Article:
Despite the above, though, there are around two dozen tweaks to the rules under consideration looking both at where the new rules should be applied, and to correct areas where a lack of clarity has resulted in outcomes that don't meet the City's infill intentions. I've had the chance to speak with a few community leaders this weekend about the report, and they generally find it on target and reflective of the concerns they've raised.

Three major concerns

Staff have noted three outstanding big concerns for infills that aren't being addressed by the new rules. First, while they consider that Infill 2 is preserving rear yard space for trees (not a universally accepted position by any means), it's clear that they are not necessarily working to preserve room for front yard trees and soft landscaping. Second, with narrower lots being allowed, front yards are often inevitably dominated by parking. Finally, staff recognize that architectural compatibility and design remains a problem. With respect to this last concern, it has been generally accepted that architecture and design is beyond the purview of the zoning by-law. As applicants seek to max out their building envelopes, however, there isn't enough attention paid to how that mass is designed to mitigate that bulk. Staff say with respect to these three issues only that further work is required.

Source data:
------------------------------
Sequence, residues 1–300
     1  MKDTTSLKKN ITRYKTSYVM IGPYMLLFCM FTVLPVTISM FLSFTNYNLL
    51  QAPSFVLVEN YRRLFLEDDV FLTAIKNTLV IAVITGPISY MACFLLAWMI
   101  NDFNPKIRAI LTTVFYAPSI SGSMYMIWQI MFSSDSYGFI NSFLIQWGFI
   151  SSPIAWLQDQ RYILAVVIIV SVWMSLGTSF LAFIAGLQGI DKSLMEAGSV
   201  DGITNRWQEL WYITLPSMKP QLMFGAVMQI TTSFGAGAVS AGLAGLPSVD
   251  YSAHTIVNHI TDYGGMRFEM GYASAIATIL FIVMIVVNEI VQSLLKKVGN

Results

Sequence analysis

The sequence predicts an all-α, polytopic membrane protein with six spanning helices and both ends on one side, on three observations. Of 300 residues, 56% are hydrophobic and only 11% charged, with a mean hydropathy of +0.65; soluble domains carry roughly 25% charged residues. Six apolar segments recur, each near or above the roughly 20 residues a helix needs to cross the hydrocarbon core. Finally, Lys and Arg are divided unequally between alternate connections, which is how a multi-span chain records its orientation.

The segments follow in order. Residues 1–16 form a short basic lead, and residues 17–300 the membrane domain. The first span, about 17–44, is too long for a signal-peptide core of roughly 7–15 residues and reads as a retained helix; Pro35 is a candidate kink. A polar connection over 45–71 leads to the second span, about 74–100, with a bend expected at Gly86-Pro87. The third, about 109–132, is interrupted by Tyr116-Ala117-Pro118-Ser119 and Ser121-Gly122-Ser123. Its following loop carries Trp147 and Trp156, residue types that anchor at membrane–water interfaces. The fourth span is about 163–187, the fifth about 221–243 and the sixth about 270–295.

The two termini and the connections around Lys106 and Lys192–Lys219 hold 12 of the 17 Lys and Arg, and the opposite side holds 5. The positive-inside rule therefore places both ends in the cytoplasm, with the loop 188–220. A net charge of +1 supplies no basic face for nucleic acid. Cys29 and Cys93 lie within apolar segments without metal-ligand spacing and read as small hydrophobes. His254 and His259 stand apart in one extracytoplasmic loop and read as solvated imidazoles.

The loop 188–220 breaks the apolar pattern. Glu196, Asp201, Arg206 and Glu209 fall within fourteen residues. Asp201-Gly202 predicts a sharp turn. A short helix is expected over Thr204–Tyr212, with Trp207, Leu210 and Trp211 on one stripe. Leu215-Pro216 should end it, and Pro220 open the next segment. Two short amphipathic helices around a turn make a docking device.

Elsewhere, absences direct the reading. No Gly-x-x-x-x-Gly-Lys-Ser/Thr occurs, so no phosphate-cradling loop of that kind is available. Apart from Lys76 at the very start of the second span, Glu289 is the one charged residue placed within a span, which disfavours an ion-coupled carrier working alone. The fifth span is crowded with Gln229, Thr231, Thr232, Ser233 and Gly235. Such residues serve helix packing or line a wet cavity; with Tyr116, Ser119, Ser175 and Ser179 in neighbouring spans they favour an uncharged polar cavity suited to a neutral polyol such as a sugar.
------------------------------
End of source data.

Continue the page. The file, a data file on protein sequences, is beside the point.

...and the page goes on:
Overall, I consider that staff have done a thorough and well-consulted and -researched job of delivering this report. By and large, it identifies the feedback they've heard from our community associations who deal day in and day out with infill and the Committee of Adjustment. It's a pragmatic document, and reinforces Council's goal that the monster infills of past are prevented from being built in future. I'm looking forward in the coming months to working with residents and our community associations to see whether there is room to make further changes that will further ensure tree preservation, better design and a continued emphasis on preventing the abuses of the past.

Posted May 21, 2018